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Well, what have we learned?


Tom Bullweed

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This is my fifth year of cowboy action. My first three years were spent shooting occassionally and having too many guns. Yep, too many guns keeps your from improving with any of them. I have thought alot recently about what I have learned and how this can be the year that I step up my performance.

 

The most important lesson that I have learned is that scoring well has little to do with going fast, except for the very top level shooters. Doing well means doing the right things well. Do a good job of reloading. Do a good job of transitions. Get that shotgun to my shoulder before trying to load it. Going fast while not doing the right things well is sloppy, rewards me with violations (or worse) and keeps me from having fun. The problem with this lesson is that there are some shooters who are just fast through natural talent plus lots of burnt powder and slung lead. I am not in that group, but I enjoy watching them.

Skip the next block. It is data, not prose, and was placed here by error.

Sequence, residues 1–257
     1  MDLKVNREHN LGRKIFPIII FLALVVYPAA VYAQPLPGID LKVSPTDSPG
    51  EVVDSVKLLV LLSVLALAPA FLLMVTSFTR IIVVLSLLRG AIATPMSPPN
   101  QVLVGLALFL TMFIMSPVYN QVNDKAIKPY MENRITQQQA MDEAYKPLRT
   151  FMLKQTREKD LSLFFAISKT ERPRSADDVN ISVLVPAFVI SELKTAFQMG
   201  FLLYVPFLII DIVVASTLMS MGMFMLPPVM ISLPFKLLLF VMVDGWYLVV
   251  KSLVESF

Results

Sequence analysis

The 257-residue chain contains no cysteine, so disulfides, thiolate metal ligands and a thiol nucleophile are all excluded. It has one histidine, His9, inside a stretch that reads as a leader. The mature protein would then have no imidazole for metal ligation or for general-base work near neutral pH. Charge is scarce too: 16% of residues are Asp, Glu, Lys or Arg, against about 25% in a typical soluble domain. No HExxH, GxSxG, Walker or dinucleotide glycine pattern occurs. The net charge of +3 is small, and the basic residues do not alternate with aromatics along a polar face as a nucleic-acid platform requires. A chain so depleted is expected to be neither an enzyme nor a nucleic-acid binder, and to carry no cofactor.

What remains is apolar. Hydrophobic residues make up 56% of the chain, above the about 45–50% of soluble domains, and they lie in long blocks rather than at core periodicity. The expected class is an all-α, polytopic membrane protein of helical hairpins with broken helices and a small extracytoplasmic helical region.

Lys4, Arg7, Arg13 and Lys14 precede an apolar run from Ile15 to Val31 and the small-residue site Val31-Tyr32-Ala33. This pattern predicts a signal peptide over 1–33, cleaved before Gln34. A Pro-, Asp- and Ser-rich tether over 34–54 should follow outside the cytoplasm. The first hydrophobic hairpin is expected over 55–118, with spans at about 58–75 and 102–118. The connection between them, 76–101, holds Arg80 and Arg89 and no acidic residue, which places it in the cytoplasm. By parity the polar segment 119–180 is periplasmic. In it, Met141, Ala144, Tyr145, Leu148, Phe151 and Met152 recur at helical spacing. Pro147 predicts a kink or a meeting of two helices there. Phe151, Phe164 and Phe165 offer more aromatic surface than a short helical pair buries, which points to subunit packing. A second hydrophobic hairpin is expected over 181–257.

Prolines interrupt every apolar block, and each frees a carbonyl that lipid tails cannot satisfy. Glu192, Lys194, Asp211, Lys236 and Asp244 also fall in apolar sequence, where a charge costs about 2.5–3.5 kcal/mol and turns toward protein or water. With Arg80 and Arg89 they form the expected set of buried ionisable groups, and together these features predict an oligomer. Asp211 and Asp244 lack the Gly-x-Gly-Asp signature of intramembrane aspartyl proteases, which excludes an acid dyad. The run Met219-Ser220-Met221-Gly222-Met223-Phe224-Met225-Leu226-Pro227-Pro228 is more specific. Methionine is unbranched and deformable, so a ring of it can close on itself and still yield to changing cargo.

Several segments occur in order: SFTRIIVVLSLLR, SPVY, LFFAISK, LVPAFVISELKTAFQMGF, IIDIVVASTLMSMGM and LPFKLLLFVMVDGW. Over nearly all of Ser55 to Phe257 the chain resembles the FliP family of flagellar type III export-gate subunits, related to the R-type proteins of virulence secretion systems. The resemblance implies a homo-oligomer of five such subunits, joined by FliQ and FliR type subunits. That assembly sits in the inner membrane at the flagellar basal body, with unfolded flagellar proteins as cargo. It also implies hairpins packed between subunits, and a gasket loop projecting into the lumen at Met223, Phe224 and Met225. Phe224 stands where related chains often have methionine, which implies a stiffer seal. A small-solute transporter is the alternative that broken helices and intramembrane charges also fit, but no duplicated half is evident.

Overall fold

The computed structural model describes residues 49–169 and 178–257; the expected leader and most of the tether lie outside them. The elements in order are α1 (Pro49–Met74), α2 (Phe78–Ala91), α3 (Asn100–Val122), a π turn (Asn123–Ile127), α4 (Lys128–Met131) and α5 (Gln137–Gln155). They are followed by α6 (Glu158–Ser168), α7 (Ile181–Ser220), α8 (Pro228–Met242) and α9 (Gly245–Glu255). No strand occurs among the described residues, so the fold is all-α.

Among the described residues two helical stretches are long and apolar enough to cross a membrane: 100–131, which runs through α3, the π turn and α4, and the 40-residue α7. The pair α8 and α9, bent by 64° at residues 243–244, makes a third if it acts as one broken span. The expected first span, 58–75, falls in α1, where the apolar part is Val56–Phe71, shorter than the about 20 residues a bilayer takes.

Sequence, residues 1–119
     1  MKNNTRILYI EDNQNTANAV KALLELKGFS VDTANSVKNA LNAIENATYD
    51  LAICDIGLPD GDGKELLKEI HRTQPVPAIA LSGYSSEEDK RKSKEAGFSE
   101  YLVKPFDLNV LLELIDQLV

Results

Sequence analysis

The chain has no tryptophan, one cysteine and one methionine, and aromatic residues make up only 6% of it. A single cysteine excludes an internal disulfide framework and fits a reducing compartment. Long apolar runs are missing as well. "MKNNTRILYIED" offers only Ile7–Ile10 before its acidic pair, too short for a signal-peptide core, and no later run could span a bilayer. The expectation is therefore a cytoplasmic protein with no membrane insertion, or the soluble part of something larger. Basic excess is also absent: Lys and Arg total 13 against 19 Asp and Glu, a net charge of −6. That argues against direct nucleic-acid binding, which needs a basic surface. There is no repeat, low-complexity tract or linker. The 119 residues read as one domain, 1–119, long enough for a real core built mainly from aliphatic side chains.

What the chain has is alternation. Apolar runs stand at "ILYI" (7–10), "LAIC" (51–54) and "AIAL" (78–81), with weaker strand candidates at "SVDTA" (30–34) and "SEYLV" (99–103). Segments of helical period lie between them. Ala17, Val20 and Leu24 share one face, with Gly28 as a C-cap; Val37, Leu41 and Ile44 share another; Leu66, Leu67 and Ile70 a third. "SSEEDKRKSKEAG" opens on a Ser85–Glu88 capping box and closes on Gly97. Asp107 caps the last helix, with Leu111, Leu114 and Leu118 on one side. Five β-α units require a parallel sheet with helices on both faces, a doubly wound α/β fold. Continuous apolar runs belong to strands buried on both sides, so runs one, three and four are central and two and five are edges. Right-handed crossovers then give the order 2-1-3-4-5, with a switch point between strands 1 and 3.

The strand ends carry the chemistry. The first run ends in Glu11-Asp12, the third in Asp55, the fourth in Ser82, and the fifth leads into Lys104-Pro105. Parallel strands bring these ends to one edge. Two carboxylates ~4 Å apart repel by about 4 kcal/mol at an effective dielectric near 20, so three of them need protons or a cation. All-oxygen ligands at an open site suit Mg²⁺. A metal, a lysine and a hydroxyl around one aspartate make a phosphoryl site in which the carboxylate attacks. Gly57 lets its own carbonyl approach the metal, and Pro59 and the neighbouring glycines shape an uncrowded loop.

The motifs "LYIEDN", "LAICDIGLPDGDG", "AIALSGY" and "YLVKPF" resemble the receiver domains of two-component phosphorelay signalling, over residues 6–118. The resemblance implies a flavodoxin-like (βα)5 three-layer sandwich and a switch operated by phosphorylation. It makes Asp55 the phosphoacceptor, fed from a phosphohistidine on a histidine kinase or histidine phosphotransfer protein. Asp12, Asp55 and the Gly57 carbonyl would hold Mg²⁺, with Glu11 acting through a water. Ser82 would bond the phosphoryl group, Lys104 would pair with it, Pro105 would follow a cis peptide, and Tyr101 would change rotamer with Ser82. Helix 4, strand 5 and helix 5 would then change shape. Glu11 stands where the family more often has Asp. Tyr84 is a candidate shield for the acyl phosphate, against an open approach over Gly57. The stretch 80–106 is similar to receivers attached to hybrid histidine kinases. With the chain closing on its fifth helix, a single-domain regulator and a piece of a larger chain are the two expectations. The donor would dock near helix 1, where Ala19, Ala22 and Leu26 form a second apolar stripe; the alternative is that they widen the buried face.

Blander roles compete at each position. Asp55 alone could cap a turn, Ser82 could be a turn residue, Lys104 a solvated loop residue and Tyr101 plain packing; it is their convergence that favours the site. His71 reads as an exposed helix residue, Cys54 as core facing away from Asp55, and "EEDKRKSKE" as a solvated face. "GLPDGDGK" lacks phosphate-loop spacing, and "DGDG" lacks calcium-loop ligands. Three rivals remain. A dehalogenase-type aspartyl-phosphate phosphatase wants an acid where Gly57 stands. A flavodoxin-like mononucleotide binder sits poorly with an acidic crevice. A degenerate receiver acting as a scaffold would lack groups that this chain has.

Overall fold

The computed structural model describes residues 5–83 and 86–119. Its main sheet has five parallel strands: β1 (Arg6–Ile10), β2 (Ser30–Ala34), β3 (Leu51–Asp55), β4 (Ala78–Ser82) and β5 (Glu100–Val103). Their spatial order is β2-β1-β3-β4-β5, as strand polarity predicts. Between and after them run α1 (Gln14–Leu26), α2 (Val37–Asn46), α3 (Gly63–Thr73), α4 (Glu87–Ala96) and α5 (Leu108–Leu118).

What one lesson have you learned as a cowboy-action shooter that would help another shooter or someone that wants to be a shooter???

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When I first started - it was with smokless, store-bought ammo. Shooting felt like nothing more than just plinking tin cans out in a bare cotton field somewhere or another.

 

Started reloading muh own and shooting black. First Frontier Cartridge - then back to the basics of Frontiersman. There. Done found what I been a lookin' fer! ;)